Churchgoers More Likely to Be Obese

Researchers suspect all those church functions are to blame
By John Johnson,  Newser Staff
Posted Mar 25, 2011 11:25 AM CDT
Churchgoers More Likely to Be Obese
Regular church-goers are more likely to be a little portly.   (Shutterstock)

Achieving inner peace comes with a price, apparently. People who go to church regularly are more prone to pack on the pounds, reports Time. In one analysis, researchers at Northwestern University found that those who attended church or some kind of church function a minimum of once a week were twice as likely to be obese as those who had no religious involvement. The researchers' best guess isn't too complicated: The church provides a wide social network, and that in turn provides lots of opportunity to socialize—and eat.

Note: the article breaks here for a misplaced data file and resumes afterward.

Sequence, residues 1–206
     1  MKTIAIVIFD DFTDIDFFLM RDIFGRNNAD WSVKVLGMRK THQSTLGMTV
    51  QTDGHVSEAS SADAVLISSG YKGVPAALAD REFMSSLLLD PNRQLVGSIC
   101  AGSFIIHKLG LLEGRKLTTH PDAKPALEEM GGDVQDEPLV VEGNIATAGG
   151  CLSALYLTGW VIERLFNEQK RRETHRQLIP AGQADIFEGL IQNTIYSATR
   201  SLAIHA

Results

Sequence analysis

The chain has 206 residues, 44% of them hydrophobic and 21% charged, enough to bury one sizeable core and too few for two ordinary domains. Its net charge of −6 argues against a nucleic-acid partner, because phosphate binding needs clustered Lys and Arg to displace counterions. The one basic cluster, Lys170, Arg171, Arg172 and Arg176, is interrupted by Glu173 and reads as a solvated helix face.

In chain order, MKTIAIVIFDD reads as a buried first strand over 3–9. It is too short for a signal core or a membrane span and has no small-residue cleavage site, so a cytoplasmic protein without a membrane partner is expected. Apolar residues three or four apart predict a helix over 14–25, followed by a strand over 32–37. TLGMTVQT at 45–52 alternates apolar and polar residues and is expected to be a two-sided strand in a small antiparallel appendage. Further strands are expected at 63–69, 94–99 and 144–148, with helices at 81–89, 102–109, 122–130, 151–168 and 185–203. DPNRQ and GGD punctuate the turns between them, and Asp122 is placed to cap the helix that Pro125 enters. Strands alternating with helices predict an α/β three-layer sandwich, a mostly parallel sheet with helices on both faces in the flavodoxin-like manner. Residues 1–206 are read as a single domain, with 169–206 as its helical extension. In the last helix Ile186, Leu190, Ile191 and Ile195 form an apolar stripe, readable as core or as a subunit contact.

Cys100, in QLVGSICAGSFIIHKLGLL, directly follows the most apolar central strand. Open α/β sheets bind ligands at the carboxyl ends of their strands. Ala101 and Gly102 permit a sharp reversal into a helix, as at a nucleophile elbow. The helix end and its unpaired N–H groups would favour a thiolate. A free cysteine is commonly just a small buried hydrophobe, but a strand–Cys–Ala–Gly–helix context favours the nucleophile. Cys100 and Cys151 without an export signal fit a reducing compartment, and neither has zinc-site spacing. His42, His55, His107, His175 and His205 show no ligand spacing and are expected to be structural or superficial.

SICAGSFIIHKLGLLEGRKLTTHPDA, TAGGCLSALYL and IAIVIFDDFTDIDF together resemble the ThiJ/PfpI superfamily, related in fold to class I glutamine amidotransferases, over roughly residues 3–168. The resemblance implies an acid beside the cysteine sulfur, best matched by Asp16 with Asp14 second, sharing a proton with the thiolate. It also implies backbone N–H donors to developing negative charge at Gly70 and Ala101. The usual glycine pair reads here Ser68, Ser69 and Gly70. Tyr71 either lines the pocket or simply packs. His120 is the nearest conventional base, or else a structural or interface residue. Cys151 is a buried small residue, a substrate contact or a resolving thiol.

But there's hope, says one Northwestern medical student: That same social network can help people lose weight. "By virtue of their pre-existing infrastructure and social support networks, religious groups and organizations are pretty well suited to enact health interventions for diet and exercise in a pretty efficient and effective manner." (More church stories.)

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